The Reading from the Holy Gospel according to St. Matthew. (8:5-13)
“Truly, I say to you, not even in Israel have I found such faith.” This is a most unbelievable reaction of Our Lord Jesus Christ in today’s gospel passage. Something surprised and astounded the Lord of glory. And this was passed down to us 2000 years later so that we would have insight into the heart of Our Lord and learn about the ways of the kingdom.
So what was it that surprised and astounded Our Lord Jesus? What happened that caused Him to gush forth with such praise? It was the faith that He witnessed within a man who had no business being faithful at all. Who was this man? We are told that he was a Roman centurion, a high ranking soldier. He was not a Jew, but a pagan gentile. He was not of the seed of Abraham, or of those who followed the God of Abraham. Yet somehow in the midst of his lack of religious training and influence, somehow, the truth shined brightly in his heart and he grabbed hold of it. And this truth wasn’t a source of pride and selfish egotism. The truth actually brought this man to a healthy sense of shame and humility. The truth became to him, a light that revealed his unworthiness to have ever been granted such a blessing.
His faithful humility changed the way that Jesus Christ interacted with him and because he was humble and faithful, he saw the Son of God work a great wonder. There should be no doubt that it changed his life forever.
The centurion asked for the Lord to heal his servant who was lying paralyzed at home. And the Lord generously agreed to come and to heal him. Of course our Lord had no need to do such a thing, especially for one who wasn’t a Jew, yet even here we see the Lord’s overwhelming grace and mercy. He is more than willing to come and to heal the man. And this is precisely when the centurion surprised Him with profound and deep words. The centurion said “Lord, I am not worthy to have you come under my roof; but only say the word, and my servant will be healed.”
“I am not worthy.” Is there any more rare saying in our current age? People go to the streets to protest their “worthiness” of all sorts of things. Modern people live with this perpetual chip on the shoulder as if they are owed everything in life and if something of their choosing is denied to them, it is considered a great travesty, insult and injustice. But we don’t want to follow the example of the modern man. We want to be in rhythm and harmony with those who are well pleasing to God.
How did the centurion receive a great response from the Lord Jesus Christ, and in turn, how can we receive a warm and joyous response from the Lord in our own lives? He started from a point of humility and an overwhelming feeling of unworthiness. He knew that Jesus was special, that some believed Him to be a great prophet and likely that some even thought He was the Messiah, the anointed, holy one of Israel.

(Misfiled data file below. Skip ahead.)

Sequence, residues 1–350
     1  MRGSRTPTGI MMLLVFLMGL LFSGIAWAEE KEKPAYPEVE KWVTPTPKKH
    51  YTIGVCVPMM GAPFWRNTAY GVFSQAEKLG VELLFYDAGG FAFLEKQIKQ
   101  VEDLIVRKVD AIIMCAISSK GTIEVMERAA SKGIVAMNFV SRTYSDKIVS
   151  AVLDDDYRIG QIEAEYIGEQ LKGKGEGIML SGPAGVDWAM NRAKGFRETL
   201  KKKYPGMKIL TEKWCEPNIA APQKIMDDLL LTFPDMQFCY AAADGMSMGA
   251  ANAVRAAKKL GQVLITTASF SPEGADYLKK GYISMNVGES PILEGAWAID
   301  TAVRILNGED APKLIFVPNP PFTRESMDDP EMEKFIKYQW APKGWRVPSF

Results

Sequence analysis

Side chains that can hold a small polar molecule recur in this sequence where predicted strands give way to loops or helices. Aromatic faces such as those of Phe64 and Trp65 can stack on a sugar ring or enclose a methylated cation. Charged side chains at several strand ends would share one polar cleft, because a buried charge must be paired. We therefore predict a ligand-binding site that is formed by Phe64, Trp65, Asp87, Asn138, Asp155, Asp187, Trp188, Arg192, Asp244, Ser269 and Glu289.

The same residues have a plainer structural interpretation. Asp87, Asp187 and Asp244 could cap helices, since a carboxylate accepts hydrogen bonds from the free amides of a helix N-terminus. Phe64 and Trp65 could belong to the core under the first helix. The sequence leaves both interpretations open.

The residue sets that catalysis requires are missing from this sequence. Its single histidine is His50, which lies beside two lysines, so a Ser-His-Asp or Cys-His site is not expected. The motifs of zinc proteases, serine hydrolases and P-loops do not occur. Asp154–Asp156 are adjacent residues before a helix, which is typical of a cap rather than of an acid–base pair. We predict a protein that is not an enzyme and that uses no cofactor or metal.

And in hearing all of these wonderful things about Christ, the Roman man felt quite unworthy of the Lord. But in his humility, he maintained faith in the ability of Jesus Christ. He believed that Jesus was powerful enough to heal his servant with a mere word. And this man was right! Christ is the word of God and He created the whole of creation by the power of His word! With just a word, the Lord can transform everything. With one word, the Lord made the demons to depart from the possessed man. And with one word the Lord of power commanded His friend Lazarus to rise from the tomb after 4 days. The Lord can do this and will do this for each of us. He will speak a word on our behalf, into our lives, into our hearts and souls. He will do powerful work in the midst of one who is humble and faithful.
This mindset is even apparent in the routine life of the Orthodox Church. For instance you can see it in the prayers of preparation for Holy Communion. In one of the prayers of St. John Chrysostom, a great saint of the fourth century, he wrote these words, “O Lord my God, I know that I am not worthy nor sufficient that thou shouldest enter under my roof into the habitation of my soul.” Here St. John uses the exact words of the Roman centurion in order to “warm” the heart of the Lord towards the one who comes to partake of His holy body and precious blood. This is one of the ways that we prepare our hearts to receive Christ and all of His blessings. We prepare the heart through a humble disposition that is also full of faith.
St. John of Kronstadt tells us what it looks like when we are humble. He says, “To be humble means to consider ourselves deserving, for our sins, of every humiliation, injury, persecution, and even blows; and to be meek means to patiently endure injustice, abuse, etc., and to pray for our enemies.” And my brothers and sisters, this is the way to enter Christ’s heart and the way for Christ to enter into our hearts fully. By God’s grace, I desire this for each of you and for myself. May we learn from the centurion’s attitude and may we cry out to the Lord Jesus, “I am not worthy of you, but only say a word and I will be healed!” AMEN.